The space attempts to incorporate a 'high-tech modern Japanese aesthetic,’ to harness a certain Feng Shui of technology. Industrial accents were integrated into the 'natural’ surroundings, corrugated tin roof lines the reception ceilings with accent lighting to diffuse a warm glow in the room. The baseboard in the conference room are actually gutter guards and workspaces open up to exposed ceilings. Take a stroll and you'll see light filled open spaces achieved through intelligent use of color and transparent surfaces. Moving from the entrance level to the subterranean workspace and the stairwell will take past a rockwall of falling water, further achieving a sense of earthy connections.
"Washington is on this upswing of design consciousness that stretches into a contemporary market," says Jordan Goldstein, Senior Associate Designer at Gensler. "I mean of all the projects I've worked on I’m proud to say that I've never touched a piece of crown molding."
That type of ornateness and gaudy extravagance that Washington offices, especially law firms had been known for, has been abandoned for simplicity-both in design and function. Materials are left in their natural state, where concrete is concrete, wood is wood and surroundings are appreciated in their true colors. While DC clients have been known to be pragmatics, many have begun to realize that "good design is functional," says Kate Kirkpatrick, Gensler Senior Associate with Corporate Communications. "Bad design just doesn’t work...there's a power to good design, it's not just ornamentation."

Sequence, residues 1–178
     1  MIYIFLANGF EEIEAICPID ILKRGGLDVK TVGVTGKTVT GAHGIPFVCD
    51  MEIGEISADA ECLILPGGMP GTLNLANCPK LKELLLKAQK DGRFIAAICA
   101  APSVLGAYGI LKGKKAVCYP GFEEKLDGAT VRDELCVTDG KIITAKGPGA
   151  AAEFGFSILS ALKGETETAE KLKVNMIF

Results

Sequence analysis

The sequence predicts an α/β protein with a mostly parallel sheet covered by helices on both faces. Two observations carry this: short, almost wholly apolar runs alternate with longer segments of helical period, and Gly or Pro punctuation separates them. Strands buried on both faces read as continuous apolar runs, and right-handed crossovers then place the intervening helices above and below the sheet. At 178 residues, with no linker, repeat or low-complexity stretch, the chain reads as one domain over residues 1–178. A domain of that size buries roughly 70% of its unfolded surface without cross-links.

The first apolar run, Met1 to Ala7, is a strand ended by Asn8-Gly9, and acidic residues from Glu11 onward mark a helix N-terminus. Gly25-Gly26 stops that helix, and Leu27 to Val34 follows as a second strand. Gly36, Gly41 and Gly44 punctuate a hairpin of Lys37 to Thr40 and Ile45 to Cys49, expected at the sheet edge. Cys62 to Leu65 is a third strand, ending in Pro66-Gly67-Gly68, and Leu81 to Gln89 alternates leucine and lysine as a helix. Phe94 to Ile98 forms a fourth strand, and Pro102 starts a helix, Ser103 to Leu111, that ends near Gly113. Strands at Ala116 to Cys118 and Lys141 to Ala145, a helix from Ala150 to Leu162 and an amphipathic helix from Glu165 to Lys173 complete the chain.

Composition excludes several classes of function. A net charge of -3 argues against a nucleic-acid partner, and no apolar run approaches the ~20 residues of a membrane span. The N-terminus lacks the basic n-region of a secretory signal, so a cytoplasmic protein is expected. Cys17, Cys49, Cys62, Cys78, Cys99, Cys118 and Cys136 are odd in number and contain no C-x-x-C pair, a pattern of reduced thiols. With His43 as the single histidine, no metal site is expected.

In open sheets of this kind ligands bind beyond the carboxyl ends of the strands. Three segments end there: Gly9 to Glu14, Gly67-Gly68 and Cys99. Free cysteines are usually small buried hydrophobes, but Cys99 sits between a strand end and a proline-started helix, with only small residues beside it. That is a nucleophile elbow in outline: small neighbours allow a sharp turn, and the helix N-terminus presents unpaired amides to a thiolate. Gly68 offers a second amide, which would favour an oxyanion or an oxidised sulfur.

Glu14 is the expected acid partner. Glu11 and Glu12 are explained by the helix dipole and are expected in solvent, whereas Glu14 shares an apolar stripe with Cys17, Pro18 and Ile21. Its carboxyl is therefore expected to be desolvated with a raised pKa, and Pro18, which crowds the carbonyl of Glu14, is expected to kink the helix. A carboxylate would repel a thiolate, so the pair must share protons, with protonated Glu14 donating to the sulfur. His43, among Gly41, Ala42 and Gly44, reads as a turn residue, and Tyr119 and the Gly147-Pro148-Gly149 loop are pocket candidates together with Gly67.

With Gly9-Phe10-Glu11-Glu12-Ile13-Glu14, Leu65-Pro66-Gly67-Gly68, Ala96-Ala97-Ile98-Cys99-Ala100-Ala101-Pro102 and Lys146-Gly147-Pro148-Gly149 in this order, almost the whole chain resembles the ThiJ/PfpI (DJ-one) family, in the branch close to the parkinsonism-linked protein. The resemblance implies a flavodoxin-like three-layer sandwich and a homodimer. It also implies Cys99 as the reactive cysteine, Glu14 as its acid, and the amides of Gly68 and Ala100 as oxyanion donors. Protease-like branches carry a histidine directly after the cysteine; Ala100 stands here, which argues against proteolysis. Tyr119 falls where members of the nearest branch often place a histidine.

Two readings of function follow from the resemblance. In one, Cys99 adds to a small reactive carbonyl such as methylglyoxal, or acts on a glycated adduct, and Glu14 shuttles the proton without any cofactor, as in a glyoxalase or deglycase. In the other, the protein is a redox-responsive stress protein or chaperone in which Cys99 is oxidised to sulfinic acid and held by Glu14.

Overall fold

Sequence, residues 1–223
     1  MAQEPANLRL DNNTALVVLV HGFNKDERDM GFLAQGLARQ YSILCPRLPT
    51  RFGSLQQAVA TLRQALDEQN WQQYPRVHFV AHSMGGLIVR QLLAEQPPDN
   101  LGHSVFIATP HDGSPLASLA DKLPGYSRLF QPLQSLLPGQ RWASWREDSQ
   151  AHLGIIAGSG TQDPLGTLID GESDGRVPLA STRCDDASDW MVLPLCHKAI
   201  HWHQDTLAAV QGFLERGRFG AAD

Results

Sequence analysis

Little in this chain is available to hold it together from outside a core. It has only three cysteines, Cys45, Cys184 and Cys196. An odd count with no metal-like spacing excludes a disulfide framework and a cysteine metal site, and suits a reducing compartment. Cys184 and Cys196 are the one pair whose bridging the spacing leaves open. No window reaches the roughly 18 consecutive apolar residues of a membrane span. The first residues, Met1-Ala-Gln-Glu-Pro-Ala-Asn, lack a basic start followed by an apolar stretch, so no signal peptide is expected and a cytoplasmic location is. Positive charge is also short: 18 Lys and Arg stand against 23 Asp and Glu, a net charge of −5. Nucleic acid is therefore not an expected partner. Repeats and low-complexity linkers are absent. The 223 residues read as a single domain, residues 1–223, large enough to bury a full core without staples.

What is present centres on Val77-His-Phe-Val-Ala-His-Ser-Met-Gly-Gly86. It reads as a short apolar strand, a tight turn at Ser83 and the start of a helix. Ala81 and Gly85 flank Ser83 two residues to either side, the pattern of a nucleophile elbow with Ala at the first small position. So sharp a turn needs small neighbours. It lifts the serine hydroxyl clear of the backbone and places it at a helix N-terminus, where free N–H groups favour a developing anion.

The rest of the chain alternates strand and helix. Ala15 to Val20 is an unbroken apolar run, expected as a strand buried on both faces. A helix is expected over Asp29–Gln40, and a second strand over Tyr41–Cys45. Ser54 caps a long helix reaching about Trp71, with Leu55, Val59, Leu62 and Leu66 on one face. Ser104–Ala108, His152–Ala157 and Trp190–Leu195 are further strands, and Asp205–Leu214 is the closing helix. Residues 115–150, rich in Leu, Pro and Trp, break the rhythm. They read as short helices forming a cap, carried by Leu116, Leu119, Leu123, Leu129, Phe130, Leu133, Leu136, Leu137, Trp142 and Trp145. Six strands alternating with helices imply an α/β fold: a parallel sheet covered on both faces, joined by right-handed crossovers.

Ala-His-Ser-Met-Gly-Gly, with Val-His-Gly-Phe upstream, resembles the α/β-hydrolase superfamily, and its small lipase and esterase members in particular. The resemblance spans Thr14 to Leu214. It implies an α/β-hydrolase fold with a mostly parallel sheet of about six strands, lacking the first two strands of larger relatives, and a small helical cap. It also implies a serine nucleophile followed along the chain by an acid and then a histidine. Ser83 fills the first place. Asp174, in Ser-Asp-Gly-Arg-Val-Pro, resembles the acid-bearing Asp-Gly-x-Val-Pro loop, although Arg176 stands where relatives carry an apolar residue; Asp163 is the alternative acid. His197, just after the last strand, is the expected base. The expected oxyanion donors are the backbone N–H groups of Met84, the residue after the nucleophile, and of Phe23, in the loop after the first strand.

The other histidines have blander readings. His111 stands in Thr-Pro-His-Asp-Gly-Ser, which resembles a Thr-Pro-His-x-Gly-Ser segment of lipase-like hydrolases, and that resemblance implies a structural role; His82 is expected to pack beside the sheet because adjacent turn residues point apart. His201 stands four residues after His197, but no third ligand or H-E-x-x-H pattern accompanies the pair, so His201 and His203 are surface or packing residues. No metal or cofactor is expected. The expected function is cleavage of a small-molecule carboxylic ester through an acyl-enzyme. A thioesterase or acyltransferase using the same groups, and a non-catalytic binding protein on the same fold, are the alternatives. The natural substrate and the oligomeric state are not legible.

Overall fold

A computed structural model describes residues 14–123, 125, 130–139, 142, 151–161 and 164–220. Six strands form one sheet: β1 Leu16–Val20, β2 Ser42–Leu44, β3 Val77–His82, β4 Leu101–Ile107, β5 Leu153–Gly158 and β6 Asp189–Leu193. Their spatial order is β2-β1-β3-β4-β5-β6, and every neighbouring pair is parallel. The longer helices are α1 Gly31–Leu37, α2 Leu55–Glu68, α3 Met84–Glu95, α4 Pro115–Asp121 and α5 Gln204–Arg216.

Clients like Accenture have realized that with the creation of their Idea Exchange, a multi-media location to make presentations and sales-pitches to their clients. Ultra-luminescent purple and blue lights carrying nightclub glow greets clients as they prepare for a multi-media experience. The meeting areas attract all the senses with audio-visual galore, where different style rooms, from theaters to round-tables to lounges accommodate any type of presentation.
Flexibility is the buzz-word of the office design world. The challenge comes in making a single space serve multiple functions. Because Gensler is involved in almost every aspect of the design process from it’s conception, Goldstein is an unrestricted free agent in design. In efforts to further customize their spaces for clients, they’ve gone as far as designing and creating their own products (seating, desks, lights, etc.). They are launching four lines of office products to become a full service firm for a client's design needs.
The fact remains that annually an average American spends over 40% of their time sitting in an office chair, shouldn't it be a comfortable one. "What design brings, is that it raises the level of aesthetics and appreciation of the space," says Goldstein. "You walk away taking something from that space."
Related Article Teaser
Office design has evolved from uniform assembly line, paper-churning, formal desk jobs to more flexible, informal, decentralized workspaces.